Wednesday, November 23, 2011

Ohio bench - jury trial legislation

The Cleveland Plain Dealer, last weekend, carried a story about former Summit County prosecutor Lynn Slaby, who is now a state representative, introducing a bill last month by at the urging of the Ohio Prosecuting Attorneys Association that would change Ohio law to give themselves veto power when a criminal defendant chooses to have his case heard by a judge instead of a jury. [See text and analysis of HB 265, introduced June 14, 2011]

The Ohio Judicial Conference, which opposes the bill, notes that its recent impact statement that “Ohio is one of twenty-one states granting criminal defendants the right to choose whether they will be tried by jury or by the judge, and does not require the consent of the prosecuting attorney to waive jury trials. The remaining 29 states, the Federal system, and Washington D.C. require the consent of the prosecuting attorney in order to waive trial by jury.

The Judicial Conference’s impact statement also briefs some relevant case history, including the Ohio Supreme Court’s upholding the validity of then General Code 13442-4 that in all criminal cases pending in state courts of record in this state, the defendant shall have the right to trial by jury, and may, if s/he so elects, be tried by the court without a jury… [ State v. Smith, 123 O St. 237 (1931)] [General Code 13442-4 is now ORC § 2945.05; See also §2945.06 with respect to “Procedures for trial by court" ]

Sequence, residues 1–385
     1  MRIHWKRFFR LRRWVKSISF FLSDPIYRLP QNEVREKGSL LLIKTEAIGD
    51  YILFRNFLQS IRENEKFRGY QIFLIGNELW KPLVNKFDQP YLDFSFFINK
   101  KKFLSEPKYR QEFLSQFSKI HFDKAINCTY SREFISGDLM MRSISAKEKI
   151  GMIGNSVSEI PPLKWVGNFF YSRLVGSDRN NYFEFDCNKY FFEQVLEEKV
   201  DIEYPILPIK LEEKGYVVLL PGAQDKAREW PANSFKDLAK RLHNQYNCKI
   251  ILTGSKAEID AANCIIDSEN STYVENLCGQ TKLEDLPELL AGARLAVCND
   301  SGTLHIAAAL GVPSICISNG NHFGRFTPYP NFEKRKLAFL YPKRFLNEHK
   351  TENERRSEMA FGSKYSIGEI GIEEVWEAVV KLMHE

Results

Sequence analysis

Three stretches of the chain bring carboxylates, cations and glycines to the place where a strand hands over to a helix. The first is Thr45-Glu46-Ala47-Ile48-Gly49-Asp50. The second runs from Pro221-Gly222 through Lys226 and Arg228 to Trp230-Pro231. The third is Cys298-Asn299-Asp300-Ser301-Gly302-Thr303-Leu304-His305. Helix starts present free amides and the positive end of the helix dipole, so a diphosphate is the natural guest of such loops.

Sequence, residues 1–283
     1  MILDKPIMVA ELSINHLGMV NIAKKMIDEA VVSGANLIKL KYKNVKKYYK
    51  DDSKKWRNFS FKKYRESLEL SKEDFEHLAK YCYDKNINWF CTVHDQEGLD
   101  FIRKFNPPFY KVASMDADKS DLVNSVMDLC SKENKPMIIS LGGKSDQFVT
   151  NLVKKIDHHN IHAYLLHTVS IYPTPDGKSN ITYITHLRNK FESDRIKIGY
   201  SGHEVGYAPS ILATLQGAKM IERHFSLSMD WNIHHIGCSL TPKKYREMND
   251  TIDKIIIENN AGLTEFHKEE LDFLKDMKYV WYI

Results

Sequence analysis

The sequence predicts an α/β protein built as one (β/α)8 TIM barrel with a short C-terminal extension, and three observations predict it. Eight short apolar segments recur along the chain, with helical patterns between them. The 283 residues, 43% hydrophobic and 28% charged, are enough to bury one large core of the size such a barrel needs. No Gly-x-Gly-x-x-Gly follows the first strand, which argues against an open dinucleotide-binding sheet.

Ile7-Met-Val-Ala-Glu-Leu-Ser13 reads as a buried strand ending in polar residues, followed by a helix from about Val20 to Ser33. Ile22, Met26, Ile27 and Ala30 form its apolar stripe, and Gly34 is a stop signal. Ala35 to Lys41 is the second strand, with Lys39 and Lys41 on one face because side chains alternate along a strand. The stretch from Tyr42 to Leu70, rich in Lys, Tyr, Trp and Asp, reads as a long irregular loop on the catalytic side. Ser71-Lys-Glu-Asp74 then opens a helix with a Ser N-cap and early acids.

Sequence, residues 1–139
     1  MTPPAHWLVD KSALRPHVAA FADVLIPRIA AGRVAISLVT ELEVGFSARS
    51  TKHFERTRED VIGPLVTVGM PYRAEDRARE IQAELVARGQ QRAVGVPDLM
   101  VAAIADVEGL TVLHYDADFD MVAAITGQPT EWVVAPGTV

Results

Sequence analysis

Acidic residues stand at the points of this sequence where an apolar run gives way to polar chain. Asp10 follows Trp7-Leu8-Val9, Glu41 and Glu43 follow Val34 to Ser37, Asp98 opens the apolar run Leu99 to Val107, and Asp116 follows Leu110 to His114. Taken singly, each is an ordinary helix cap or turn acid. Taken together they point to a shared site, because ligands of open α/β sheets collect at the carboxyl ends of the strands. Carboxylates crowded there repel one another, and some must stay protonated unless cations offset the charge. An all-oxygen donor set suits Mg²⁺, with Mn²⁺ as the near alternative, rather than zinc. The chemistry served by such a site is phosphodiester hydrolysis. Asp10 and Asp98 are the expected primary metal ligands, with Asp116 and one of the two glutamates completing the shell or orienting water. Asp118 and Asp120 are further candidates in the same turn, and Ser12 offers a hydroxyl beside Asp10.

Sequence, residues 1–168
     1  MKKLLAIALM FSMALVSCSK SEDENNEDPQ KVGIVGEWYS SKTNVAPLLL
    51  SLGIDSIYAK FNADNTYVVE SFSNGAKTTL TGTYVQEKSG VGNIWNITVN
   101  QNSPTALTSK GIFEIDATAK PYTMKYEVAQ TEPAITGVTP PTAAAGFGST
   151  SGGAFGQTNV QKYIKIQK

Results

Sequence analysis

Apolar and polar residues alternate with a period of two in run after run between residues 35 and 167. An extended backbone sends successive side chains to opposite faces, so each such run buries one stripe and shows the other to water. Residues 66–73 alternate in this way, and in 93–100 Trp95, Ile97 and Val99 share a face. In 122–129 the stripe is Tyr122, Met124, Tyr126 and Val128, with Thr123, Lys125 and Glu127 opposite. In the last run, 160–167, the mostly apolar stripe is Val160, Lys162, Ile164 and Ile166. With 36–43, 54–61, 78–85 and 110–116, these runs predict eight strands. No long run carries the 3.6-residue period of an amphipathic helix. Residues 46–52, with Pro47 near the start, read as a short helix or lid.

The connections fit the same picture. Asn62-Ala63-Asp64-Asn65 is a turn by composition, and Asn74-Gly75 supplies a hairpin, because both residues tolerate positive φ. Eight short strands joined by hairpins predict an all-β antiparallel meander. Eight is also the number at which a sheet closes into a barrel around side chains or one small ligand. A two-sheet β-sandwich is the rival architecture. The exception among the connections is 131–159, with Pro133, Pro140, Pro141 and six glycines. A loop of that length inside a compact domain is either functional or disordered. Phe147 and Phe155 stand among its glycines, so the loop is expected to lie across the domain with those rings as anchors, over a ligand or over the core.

The Judicial Conference also addressed the federal aspect, noting that in Singer v. United States, the U.S. Supreme Court examined whether a criminal defendant in a federal criminal case has an unconditional constitutional right to a trial by jury, and whether there was also a correlative constitutional right for a criminal defendant to have is/her case decided by the judge alone if s/ he considers such a trial to be to her/ his advantage. [ Singer v. US, 380 US 24 (1965)]. The Court held that there is no constitutional or federally recognized right to a criminal trial before a judge sitting alone, and, citing Patton v. United States, reaffirmed their previous holding that a defendant can waive the right to trial by jury. [ Patton v. US 281 US 276 (1930)].

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